Gables’ history about to write another chapter
From a retail perspective, downtown Altoona never will be the place it was a half-century ago, before businesses’ exodus to the corridor consisting of Plank Road, Pleasant Valley Boulevard and Valley View Boulevard.
However, the downtown has maintained a service character that, while not as vibrant as it could be, still is not stymied by deep-rooted pessimism.
Optimism does reign regarding the downtown’s possibilities, and it is uplifting that the optimism extends beyond leaders here who continue to promote the good things that this area has to offer. Actually, this community and its assets are on business “radar screens” across the United States.
The Gables office building is the latest example of how others view Altoona’s downtown — and Altoona in general — as attractive to established and new enterprises.
Skinner Hill LLC of Johnstown is in the process of buying the Gables structure, a purchase scheduled to close later this month.
While it is not clear yet what all Skinner might have in mind for the building, it is understandable for that company to want to fine-tune its plans before making a major announcement.
A hasty announcement of ideas and plans that might prove unworkable in the end risks eroding public faith in the new owner and venture.
No company wants to start off on such a wrong foot.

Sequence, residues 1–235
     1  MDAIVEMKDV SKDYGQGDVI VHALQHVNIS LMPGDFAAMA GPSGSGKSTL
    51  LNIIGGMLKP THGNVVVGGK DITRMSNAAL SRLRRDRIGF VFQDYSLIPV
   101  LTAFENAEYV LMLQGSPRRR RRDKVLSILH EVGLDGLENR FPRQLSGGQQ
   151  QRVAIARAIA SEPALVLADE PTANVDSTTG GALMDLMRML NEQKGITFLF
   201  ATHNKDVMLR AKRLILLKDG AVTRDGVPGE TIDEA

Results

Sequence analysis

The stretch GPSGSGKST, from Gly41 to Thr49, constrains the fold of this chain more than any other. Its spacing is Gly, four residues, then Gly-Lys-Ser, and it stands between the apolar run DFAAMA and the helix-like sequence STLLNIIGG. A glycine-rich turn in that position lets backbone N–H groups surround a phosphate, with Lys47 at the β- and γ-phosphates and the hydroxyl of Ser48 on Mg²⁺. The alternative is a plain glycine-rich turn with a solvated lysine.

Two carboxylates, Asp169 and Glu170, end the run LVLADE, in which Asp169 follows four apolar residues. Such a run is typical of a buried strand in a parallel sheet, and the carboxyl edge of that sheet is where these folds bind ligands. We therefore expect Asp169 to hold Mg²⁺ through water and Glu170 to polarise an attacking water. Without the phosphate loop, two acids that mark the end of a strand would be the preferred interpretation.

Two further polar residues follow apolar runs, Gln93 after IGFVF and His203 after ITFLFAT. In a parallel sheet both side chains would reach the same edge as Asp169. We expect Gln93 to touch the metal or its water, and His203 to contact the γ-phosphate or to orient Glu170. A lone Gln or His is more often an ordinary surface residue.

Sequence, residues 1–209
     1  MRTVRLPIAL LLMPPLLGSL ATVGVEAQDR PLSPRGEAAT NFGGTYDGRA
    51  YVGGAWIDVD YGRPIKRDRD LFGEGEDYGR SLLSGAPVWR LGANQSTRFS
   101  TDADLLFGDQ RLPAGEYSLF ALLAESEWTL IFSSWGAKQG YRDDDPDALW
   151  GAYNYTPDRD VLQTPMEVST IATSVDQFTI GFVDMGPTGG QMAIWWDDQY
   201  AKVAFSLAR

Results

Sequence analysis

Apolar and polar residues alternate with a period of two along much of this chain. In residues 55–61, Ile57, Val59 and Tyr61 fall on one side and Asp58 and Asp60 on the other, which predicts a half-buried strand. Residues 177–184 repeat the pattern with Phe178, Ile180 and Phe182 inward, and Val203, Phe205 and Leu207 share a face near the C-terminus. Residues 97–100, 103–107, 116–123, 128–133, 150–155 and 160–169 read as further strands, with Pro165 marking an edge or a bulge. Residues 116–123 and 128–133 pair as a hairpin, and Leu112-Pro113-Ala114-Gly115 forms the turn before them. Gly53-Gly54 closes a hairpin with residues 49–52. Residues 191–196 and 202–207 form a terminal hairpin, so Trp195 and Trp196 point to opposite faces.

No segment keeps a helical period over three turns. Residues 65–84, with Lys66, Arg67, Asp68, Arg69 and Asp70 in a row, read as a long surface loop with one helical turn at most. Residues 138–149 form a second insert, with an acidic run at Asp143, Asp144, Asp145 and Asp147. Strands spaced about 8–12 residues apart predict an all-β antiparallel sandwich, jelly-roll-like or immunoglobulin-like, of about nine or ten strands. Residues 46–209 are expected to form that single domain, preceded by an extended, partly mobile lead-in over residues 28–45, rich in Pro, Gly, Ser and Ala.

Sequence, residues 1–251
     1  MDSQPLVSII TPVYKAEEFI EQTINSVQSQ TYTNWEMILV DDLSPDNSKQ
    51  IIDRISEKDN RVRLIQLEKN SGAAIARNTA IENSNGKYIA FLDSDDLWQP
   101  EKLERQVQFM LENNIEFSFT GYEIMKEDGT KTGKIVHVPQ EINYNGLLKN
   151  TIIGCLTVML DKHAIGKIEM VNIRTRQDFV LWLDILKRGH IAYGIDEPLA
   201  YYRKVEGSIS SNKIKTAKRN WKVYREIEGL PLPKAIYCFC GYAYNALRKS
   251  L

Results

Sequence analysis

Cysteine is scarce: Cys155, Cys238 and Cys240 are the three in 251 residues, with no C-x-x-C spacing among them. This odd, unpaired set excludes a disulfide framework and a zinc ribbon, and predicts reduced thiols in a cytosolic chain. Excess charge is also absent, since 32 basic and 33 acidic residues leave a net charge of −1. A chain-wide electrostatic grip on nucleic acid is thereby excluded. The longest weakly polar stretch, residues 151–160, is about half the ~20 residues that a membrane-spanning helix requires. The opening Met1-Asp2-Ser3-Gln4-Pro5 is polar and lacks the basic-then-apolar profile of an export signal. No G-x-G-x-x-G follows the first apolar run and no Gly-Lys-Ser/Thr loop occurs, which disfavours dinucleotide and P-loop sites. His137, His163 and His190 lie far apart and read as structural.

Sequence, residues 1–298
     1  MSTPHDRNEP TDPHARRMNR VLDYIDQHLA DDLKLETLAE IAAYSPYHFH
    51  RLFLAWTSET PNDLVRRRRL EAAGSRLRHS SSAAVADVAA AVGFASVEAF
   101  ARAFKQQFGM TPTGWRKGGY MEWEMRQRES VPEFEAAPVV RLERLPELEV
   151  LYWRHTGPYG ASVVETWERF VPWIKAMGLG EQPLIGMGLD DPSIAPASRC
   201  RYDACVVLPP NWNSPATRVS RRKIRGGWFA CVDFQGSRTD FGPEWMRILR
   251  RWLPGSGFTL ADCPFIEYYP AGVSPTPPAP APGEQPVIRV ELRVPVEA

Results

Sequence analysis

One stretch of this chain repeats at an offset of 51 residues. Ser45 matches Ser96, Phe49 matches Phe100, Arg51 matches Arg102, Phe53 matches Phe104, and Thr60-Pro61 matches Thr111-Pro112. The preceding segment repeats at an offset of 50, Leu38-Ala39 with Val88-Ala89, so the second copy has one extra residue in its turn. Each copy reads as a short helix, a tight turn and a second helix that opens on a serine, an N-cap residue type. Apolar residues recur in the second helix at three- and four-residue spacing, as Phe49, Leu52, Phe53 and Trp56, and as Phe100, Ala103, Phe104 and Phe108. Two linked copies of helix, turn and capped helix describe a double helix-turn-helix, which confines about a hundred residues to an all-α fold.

One important reality in Altoona’s favor is that the Gables building’s sellers are longtime, well-respected names on the local business front. It is understandable that they would not be willing participants in something that they would judge to be potentially detrimental to the city’s best interests.
The sellers also understand the importance of acting in the best interests of the community that they know and love. That is why confidence can exist that the transaction in question is in good hands.
The 135,000-square-foot Gables property occupies three quarters of a square block between 11th and 12th avenues. Gable’s was a name that brought shoppers to the downtown for generations, because of the quality of merchandise that filled its shelves.
Many Altoona “old-timers” probably wish that Gables still were part of the local retail scene — if not downtown then along the Plank-Pleasant Valley-Valley View business strip.
However, those older community residents realize that shoppers’ preferences change and that the old Gables might be hard-pressed competing with the new ways of shopping as well as the styles and preferences that mark today’s retail scene.
That in no way should be construed as criticism of what existed before.
Whatever happens in the coming weeks regarding the local building’s sale will deliver a message to other entities in Pennsylvania and across the nation — hopefully a good message about the spirit of cooperation and welcoming attitude that exist here.
So far, the buyers have not publicly divulged their identities; that is their right.
Yet, such information is destined to be forthcoming soon as the buyers launch their plans under the umbrella of official ownership.
As is well-known, the Gables building has a lot of history and special meaning for this railroad city. It is to be hoped that history and meaning will be enhanced by what the new owner opts to put forth.
Anyone who loves Altoona believes that the city and its environs are deserving of that.